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Enda Kenny and Joan Burton Sam Boal/
Balance to the force

'Completely delusional': Joan Burton slammed over Fine Gael-only warning

The Tánaiste thinks Labour brings balance to Fine Gael’s approach – Sinn Féin disagrees.

Updated 1pm 

JOAN BURTON HAS been criticised for suggesting that a Fine Gael majority government would be bad for Ireland.

The Tánaiste said the senior coalition partner favours placing an emphasis on “the people who are wealth creators” in relation to scope for tax reductions.

Burton said Labour has provided a good balance to Fine Gael’s approach.

“I think while that is a political point there is also a practical point. If you want to stimulate the Irish economy and you really want to get businesses up and going, and you make Ireland very attractive for business, you have to have a strong policy of investment,” she said.

‘Completely delusional’ 

However, her remarks were heavily criticised by Sinn Féin TD Jonathan O’Brien today. He accused the Labour leader of being “completely delusional”, saying the party had betrayed a number of pre-election promises.

“Quite frankly, I see her comments as an insult to the intelligence of ordinary people, people who have been badly let down by the Labour Party,” O’Brien said.

He said that in 2011 the party had promised to reign-in Fine Gael’s conservative tendencies, but had failed to do so.

“We all know how that has turned out,” the Cork North Central deputy said. “We all remember well the regularly parodied ‘Every Little Hurts’ poster which now stands as a catalogue of Labour’s betrayals.

The Labour Party has faithfully gone along with, and indeed implemented, every brutal austerity measure introduced since 2011 and the people who trusted them at the last election have paid a heavy price.

Fianna Fáil’s Niall Collins was also critical of Burton’s comments:

Lack of balance 

In her comments to reporters, Burton noted that there will be tax reductions focused on reducing USC and phasing it out for all low and middle income earners who are paid between €25,000 and €70,000 “as resources permit”.

She said that government expenditure needs to focus on infrastructural investment and “critical services like health and education, and pensions for older people”.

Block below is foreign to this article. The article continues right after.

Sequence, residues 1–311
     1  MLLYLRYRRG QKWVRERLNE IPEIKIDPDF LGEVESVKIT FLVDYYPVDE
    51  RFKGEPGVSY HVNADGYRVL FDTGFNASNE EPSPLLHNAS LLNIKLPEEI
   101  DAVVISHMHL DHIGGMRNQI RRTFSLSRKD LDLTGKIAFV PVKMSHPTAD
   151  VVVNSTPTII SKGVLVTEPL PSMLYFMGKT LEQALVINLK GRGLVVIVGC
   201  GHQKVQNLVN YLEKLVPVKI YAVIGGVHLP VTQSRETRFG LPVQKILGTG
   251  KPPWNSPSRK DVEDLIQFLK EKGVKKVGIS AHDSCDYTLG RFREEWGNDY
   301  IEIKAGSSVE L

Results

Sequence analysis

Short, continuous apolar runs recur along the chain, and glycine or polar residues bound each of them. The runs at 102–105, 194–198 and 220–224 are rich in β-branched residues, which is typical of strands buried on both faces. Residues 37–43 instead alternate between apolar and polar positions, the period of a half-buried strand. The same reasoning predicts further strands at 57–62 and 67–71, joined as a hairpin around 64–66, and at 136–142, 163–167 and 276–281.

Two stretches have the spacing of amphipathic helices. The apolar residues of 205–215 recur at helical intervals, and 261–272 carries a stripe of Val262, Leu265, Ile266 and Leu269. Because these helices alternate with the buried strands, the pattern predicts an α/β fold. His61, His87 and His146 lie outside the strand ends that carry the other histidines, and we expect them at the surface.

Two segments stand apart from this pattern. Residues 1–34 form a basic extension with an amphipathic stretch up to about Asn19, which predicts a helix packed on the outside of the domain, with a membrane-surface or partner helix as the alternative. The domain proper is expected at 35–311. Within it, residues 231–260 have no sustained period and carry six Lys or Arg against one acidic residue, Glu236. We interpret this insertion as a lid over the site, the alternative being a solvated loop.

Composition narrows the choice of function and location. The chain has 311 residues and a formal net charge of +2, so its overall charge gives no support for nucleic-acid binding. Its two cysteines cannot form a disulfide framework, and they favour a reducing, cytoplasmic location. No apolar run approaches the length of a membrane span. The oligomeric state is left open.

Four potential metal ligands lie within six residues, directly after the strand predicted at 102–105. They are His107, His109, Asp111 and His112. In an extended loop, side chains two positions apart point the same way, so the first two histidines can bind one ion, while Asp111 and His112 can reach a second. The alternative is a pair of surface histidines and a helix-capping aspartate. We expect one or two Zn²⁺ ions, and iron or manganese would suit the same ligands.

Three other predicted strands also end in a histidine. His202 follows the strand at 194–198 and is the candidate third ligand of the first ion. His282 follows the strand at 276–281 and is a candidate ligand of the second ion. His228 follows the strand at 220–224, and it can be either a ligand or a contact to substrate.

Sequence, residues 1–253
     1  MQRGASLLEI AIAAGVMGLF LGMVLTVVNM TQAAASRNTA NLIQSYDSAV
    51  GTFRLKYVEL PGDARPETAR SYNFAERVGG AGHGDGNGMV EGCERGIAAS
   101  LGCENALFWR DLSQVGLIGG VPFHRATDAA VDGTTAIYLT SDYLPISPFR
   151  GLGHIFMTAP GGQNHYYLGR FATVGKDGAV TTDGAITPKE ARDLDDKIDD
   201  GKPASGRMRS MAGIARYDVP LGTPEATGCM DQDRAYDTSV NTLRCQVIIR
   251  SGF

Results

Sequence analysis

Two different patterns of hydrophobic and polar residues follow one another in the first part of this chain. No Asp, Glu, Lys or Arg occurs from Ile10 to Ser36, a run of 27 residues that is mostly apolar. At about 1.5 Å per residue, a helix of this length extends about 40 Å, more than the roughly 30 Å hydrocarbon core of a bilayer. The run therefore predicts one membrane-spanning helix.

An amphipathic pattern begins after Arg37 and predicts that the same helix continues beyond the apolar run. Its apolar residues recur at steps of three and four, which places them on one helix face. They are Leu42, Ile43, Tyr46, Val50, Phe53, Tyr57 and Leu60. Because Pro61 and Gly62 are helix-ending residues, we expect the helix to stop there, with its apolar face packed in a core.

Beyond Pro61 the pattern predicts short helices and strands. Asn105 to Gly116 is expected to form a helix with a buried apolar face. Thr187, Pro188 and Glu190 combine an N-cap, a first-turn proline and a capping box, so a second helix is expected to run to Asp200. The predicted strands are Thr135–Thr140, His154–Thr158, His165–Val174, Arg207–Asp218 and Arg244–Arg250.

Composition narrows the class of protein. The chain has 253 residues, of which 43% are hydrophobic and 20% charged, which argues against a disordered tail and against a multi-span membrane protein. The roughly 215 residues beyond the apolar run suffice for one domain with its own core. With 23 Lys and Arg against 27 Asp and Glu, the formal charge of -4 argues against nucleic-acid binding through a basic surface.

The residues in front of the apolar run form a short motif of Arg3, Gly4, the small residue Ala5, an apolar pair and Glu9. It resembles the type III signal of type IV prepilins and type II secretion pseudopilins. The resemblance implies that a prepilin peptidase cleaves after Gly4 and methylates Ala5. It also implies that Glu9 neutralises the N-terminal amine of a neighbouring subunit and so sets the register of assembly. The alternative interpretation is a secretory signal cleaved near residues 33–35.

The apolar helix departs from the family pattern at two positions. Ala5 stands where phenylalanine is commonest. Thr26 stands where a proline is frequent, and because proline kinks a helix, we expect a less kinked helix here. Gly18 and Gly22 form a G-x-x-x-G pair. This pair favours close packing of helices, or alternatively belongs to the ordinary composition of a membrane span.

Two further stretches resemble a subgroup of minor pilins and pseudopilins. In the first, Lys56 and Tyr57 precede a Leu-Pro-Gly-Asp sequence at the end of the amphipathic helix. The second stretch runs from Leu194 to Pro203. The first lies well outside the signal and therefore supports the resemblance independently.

Burton added that a majority Fine Gael government “would lack balance”.

I think the country would do much better with a balance which brought together both the knowledge and skills of people on the centre left like the Labour party and people on the centre right, as in Fine Gael.

She said “both parties bring an amount to the table” in terms of discussing “how you grow and develop a modern economy and aim to have a society in which children can thrive, and in which you have a strong balance between investment and tax reform and tax rebalancing”.

“To have it only from a centre right prospective in my view would be a disservice to people.”


Burton said the coalition partners have not always been on the same page about certain issues.

“In many cases the two parties were of different minds or of slightly different minds in approaching the discussion, but through discussion were able to come to an agreement.

We’ve done that for instance in relation to the budget, and particularly in relation to USC. We’ve done it also in relation to social areas, not least during the life of the government in the X and the ABC cases. We did it I think most markedly in relation to the marriage equality referendum and the really positive impact that that had when citizens voted for it.

“So, yeah, there’s a lot of discussion and a lot of the intellectual discussion in the Dáil is actually between the two government parties because a lot of the opposition parties are long on slogans and short on specific policies, or even where they have policies, [they are] short on the details of how we’re going to finance them,” Burton said.

- additional reporting from Hugh O’Connell 

Joan: Increasing minimum wage by €2 is ‘horse sense’

Read: Enda is off to visit our troops in the Golan Heights

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